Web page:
You can tell that winter is over when the Steve Barta Trio wakes from hibernation, fresh as a daisy and brimming with new ideas for String Into Spring, a concert with the Colorado Springs Youth Symphony. Several new works will be performed tonight at 8 at the Pikes Peak Center, 190 S. Cascade Ave. Tickets $18.50 for adults, $10 for children. Call 520-SHOW.
Under its new ownership, the downtown Pikes Perk location (14 S. Tejon St.) has resumed hosting live music, albeit music that fits inside a small, cozy coffeehouse. Tonight, Luke Flowers & Josh Merriam do their old-timey-acoustic-banjo-and-mandolin-pickin'-and-grinnin' thing from 8 to 10 p.m. Call 635-1600 for details.
The latest offering of the Colorado Springs Guitar Society to its hungry, fickle public is guitarist Janet Feder. Classically trained, Feder has abandoned the rigidity of de old vays for lyrically oriented classical compositions and a collection of objects mounted on her guitar designed to extend the instrument's capabilities. Feder performs at 7:30 p.m. at the Fine Arts Center, 30 W. Dale St. Tickets are $10 to $12; call 634-5583.
Despite Rob and Kathy Gordon's abdication of the throne in favor of farm livin', house concerts are still going strong round these parts. Tonight, Phil Volan, Joe Uveges and Jim Sokol -- the reigning sweet princes of local folk -- play a House Concert Under the Stars at 7:30 p.m. south of town. Admission is an $8 artist donation. RSVP and get directions by calling Jeremy Rowan at 499-8890.
Morocco, revered as one of the world's foremost Middle Eastern dancers (this side of the Euphrates River, anyway), performs with the best in local hip rotators on the Colorado Music Hall stage, 2475 E. Pikes Peak Ave., tonight at 7. Admission is $10 in advance, $12 at the door. Call 632-1111 for more. Credit cards are not being accepted for this show.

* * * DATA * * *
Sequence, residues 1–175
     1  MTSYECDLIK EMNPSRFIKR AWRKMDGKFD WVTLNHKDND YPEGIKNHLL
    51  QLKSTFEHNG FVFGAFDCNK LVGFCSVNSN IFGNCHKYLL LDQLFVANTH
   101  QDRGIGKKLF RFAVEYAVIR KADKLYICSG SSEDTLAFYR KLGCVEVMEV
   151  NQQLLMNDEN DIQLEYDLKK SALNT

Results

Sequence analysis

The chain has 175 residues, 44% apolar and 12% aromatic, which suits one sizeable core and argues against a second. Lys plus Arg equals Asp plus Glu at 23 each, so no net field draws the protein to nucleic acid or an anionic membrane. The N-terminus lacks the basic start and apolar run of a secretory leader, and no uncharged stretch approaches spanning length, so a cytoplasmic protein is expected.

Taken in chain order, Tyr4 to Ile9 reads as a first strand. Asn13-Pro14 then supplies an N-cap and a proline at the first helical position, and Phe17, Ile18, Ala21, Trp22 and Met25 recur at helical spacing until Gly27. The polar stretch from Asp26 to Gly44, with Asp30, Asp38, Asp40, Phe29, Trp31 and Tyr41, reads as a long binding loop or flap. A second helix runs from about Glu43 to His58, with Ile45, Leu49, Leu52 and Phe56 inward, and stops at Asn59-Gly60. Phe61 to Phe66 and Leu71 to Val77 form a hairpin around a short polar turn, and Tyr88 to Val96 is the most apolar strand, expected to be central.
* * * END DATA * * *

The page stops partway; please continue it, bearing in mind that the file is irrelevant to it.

Sean Blackburn and Liz Masterson yodel their way into your family's little Western hearts at this month's "First Saturday" Manitou Art Theater performance. Tales and Tunes of the West, featuring rope tricks, comedy, songs and all manner of Riders in the Sky-esque nonsense, runs at 11 a.m. and again at 2 p.m. at the Business of Art Center's new performance space, 515 Manitou Ave. (The 2 p.m. show will have on hand interpreters from the Pikes Peak Center on Deafness.) Tickets are $8. Call 685-1861 for details.
Cars. Running into each other. Trucks. Running over cars. Metal, screetching. Bloodlust, quenched. Demolition Derby at Penrose Equestrian Center (1045 W. Rio Grande Blvd.) today. Call 520-7787 for details.
Today, join a guided tour through the Aiken Canyon Nature Conservancy Preserve south of town, where more than 100 bird species have been identified, including wild turkeys, hairy and downy woodpeckers, prairie falcons and Cooper's hawks. Meet at the Sears Southgate parking lot at 7:30 a.m. for the half-day trip. Bring lunch, water and a pack. Call Gary Lefko, 683-7955, for more information.
The 37th annual installment of the Palmer Lake Art Group's Fine Arts Show and Sale begins today at the Tri-Lakes Center for the Arts, 304 Highway 105, in Palmer Lake. It's really pretty amazing that a town that size has been able to support such a thriving arts community for so many years, and the fruits of their labor prove that, whatever they're doing, it's still working. There will be an official reception Friday night, June 7, at 5 p.m., but the show will be open weekdays from 10 a.m. to 6 p.m. and weekends from 11 a.m. to 3 p.m., today through June 27. Admission is free. Call 488-3543.
-- Kristen Sherwood
I Dare You
Contemporary art that both dazzles and bends the brain
The Sangre de Cristo Arts Center currently has a miniature world's fair of the imagination on its hands.
Comprised of several exhibits that include Steel City: Contemporary America in Metal, Ira Sherman's Panaceas to Persistent Problems, Sean O'Meallie: Sunday at the Germ Factory, Patricia Nix: Baroque, and new selections from the Francis King collection, the Sangre is proving once again that it is one of the most important galleries in Colorado for exhibiting contemporary art that both dazzles and dares to bend the brain.